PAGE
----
Generate Images from JSON Using Photoshop


I have recently been working on a board game that requires hundred of cards. Each card has images, icons, numbers, text values, and other content. Some cards have a top left background, others have text in the middle, or an icon in the corner.

In order to create the game I needed to create not just these hundreds of cards, but I need to iteratively change them in order to fine tune and dial in the game. Some cards had attack values, produced various forms of resources, and had other game effects. I needed to be able to quickly update these values on lots of cards, without manually changing dozens or hundreds of photoshop files each time. Being a software engineer, this was a challenge that I had the skillset to take head on.

The first step was to automate the photoshopping process using scripting. Photoshop allows you to run JavaScript scripts that can essentially do everything you could do manually, but through code. This can be quite powerful, but also quite complex. The folders and layers of the photoshop file need to match what the script expects.

The second step was to control the actions of that script through an easy to update structured date format. For this I used JSON, which is a data format that contains strings of text, numbers, booleans, arrays, and so on. This JSON was essentially a list of items, where each item contained the data needed to generate a card. This data would have text for things like titles and descriptions, numbers for things like combat values, and toggles for determining which icons to show and where to show them.

This two step process is conceptually easy, meaning that you can basically feed the script JSON and it outputs ready to print cards in JPEG format. However, in order to get this concept to be powerful and effective, the devil is in the details.

While I cannot go into detail on every problem and how I solved it, I wanted to highlight some of the key epiphanies I had while trying to make this work.

The Photoshop file needed structured in a precise way in order for the script to be capable of easily manipulating that file. To do this, I created three top level folders: symbols, copied_symbols, and elements.

The symbols folder contained all the possible icons that I might want to use. Each one was named something unique and was quite large. I did not flatten these symbol layers, choosing to leave the layer effects in place. The script would then take these large symbols and copy them into the copied_symbols folder. Then it would flatten, resize, and move it to the correct place.

The elements folder contained backgrounds, location references, and text areas. The script would hide and show the backgrounds based on toggle values in the JSON. Other values in the JSON would determine which icon should be used in a certain location in the image. The location references were placeholder icons that would specify where an icon should appear and how large it would be. The script would use these location references to find the size and location of the copied symbols.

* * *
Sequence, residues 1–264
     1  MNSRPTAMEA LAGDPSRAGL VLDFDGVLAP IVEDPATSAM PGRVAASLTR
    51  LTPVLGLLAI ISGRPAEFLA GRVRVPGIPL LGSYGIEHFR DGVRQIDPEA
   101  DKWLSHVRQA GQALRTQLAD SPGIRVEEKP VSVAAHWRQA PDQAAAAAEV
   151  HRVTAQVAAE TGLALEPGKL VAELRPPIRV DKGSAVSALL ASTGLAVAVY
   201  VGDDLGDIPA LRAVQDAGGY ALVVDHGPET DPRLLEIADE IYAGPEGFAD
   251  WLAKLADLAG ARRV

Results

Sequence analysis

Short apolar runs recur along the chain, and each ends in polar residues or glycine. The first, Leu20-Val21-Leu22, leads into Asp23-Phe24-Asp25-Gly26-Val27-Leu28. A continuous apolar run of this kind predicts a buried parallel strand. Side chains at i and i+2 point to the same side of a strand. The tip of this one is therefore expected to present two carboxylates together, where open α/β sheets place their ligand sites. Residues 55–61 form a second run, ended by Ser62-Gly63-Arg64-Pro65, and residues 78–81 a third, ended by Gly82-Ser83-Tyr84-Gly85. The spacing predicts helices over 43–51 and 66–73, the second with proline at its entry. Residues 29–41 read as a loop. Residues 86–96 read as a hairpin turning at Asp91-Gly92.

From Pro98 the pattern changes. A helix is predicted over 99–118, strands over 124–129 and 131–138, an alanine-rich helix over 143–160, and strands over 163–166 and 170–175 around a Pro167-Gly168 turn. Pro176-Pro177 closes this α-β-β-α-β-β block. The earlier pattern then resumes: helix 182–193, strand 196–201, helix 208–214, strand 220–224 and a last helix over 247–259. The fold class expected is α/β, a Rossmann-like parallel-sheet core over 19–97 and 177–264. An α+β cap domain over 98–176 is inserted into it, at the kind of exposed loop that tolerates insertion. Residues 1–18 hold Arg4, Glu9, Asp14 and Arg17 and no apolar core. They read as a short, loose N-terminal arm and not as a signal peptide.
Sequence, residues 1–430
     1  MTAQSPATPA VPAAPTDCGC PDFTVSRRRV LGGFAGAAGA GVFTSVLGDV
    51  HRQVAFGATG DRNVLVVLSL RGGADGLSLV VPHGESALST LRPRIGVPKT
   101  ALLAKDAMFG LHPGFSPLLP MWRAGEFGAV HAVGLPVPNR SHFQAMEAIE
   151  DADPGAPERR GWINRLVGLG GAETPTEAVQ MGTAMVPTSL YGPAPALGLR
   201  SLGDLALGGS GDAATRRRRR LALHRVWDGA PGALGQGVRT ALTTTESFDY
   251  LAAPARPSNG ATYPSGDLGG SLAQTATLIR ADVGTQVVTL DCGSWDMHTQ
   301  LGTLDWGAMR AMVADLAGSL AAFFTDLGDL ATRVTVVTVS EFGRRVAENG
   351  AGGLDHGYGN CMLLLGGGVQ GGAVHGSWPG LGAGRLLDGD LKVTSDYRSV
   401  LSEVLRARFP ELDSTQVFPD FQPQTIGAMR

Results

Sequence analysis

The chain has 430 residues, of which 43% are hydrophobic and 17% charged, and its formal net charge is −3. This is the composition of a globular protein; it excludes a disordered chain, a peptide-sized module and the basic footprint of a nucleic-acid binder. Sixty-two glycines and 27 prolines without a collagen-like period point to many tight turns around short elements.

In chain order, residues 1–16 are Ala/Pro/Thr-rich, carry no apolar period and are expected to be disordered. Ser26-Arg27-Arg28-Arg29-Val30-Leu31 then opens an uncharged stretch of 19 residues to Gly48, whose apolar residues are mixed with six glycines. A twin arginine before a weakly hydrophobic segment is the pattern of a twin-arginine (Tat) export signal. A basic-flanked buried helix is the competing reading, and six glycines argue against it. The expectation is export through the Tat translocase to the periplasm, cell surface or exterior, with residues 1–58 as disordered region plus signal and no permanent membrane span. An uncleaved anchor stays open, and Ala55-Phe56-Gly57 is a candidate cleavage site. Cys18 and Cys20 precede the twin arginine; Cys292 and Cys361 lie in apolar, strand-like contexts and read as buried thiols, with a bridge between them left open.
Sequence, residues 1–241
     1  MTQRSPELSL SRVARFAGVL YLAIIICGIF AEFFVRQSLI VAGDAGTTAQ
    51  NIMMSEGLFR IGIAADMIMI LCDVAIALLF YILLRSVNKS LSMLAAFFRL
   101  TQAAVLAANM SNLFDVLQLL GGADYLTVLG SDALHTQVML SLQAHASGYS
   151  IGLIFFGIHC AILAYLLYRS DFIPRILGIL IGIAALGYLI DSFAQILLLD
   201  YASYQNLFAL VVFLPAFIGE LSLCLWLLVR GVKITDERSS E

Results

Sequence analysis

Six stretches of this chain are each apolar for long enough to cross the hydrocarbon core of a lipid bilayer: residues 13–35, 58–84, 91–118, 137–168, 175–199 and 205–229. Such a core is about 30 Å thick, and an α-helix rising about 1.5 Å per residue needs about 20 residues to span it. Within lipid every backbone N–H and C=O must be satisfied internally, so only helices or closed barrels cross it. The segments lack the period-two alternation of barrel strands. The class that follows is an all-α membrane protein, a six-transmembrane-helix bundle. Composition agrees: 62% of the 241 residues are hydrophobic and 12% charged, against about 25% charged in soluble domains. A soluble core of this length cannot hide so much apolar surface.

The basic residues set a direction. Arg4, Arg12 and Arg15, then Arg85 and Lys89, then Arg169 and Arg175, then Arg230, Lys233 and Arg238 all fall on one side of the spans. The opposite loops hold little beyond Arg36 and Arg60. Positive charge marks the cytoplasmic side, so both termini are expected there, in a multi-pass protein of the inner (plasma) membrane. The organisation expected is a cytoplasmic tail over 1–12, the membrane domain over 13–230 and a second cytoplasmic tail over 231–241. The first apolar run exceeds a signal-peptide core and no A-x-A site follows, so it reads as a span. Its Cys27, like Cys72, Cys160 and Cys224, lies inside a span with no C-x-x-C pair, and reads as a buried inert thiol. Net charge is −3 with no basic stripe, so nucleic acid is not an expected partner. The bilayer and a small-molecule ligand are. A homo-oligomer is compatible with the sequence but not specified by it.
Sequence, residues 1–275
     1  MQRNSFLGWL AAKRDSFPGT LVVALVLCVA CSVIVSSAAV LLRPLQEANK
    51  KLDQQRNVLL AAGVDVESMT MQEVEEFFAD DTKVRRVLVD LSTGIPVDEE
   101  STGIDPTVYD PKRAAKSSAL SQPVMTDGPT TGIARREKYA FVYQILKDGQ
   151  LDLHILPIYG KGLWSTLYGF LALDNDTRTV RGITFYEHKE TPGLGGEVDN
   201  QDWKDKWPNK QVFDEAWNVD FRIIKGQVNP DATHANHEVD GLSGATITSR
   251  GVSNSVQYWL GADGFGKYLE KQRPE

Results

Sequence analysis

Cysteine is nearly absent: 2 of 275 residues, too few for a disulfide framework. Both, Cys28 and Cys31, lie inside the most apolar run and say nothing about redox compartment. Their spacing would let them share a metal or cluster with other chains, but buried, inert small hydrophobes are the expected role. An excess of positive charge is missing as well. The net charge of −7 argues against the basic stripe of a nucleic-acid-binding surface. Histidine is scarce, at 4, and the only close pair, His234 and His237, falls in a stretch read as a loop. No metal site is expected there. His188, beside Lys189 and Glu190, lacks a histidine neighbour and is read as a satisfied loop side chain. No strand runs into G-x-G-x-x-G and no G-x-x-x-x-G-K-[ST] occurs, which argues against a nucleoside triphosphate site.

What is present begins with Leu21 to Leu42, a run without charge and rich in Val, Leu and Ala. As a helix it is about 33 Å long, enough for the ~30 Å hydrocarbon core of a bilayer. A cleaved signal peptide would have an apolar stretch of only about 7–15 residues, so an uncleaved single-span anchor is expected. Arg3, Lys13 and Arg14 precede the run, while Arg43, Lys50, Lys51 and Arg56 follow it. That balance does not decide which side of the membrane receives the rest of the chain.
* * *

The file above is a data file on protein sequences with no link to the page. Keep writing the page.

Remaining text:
The script could also be given more intelligence. For example, it can check the number of characters in the text and resize the font accordingly, or reduce the width of the text box if there is also an icon needed in the same area, and so on.

In time I may write follow up blog posts where I can go into more detail on how to do all of this, and might even create a JS library for creating your own "JSON to Image" software. For now, I would like to give an example of what I was able to accomplish with these tools. Below you will see some JSON. This JSON was given to the script, which then outputted the image below. I could then print this image and cut out the cards for use in my board game prototype.

[
   {
      "cardType":"city",
      "title":"Rome",
      "subTitle":"Rome - Starting City",
      "placement":"city_placement",
      "image":"rome",
      "print":true,
      "combat":{
         "defense":20
      },
      "mod":[
         "wealth",
         "food"
      ],
      "ability":"While recruiting, draw an additional foot troop.",
      "abilitySymbol":"start",
      "desc":"Rome, the Eternal City. Might of the Great Empire. The seat of emperors and popes."
   }, {
      "cardType":"mounted",
      "title":"Knight",
      "placement":"army_placement",
      "image":"horses",
      "print":true,
      "combat":{
         "init":3,
         "attack":4,
         "attackType":"melee",
         "defense":6
      },
      "cost":[
         {
            "costType":"wealth",
            "costVal":2
         },
         {
            "costType":"iron",
            "costVal":2
         }
      ]
   }, {
      "cardType":"civic_building",
      "title":"University",
      "placement":"building_placement",
      "image":"carved-entry",
      "print":true,
      "cost":[
         {
            "costType":"wood",
            "costVal":1
         },
         {
            "costType":"iron",
            "costVal":1
         }
      ],
      "smallBottomMod":"Gather phase: Draw 1 from your research discard pile",
      "mod":[
         "knowledge"
      ]
   }, {
      "cardType":"wonder",
      "title":"Hagia Sophia",
      "subTitle":"Wonder",
      "placement":"building_placement",
      "image":"mystic",
      "print":true,
      "vps":4,
      "mod":"In the gather phase exhaust to search your research deck for one card",
      "cost":[
         {
            "costType":"wealth",
            "costVal":6
         }
      ]
   }
]


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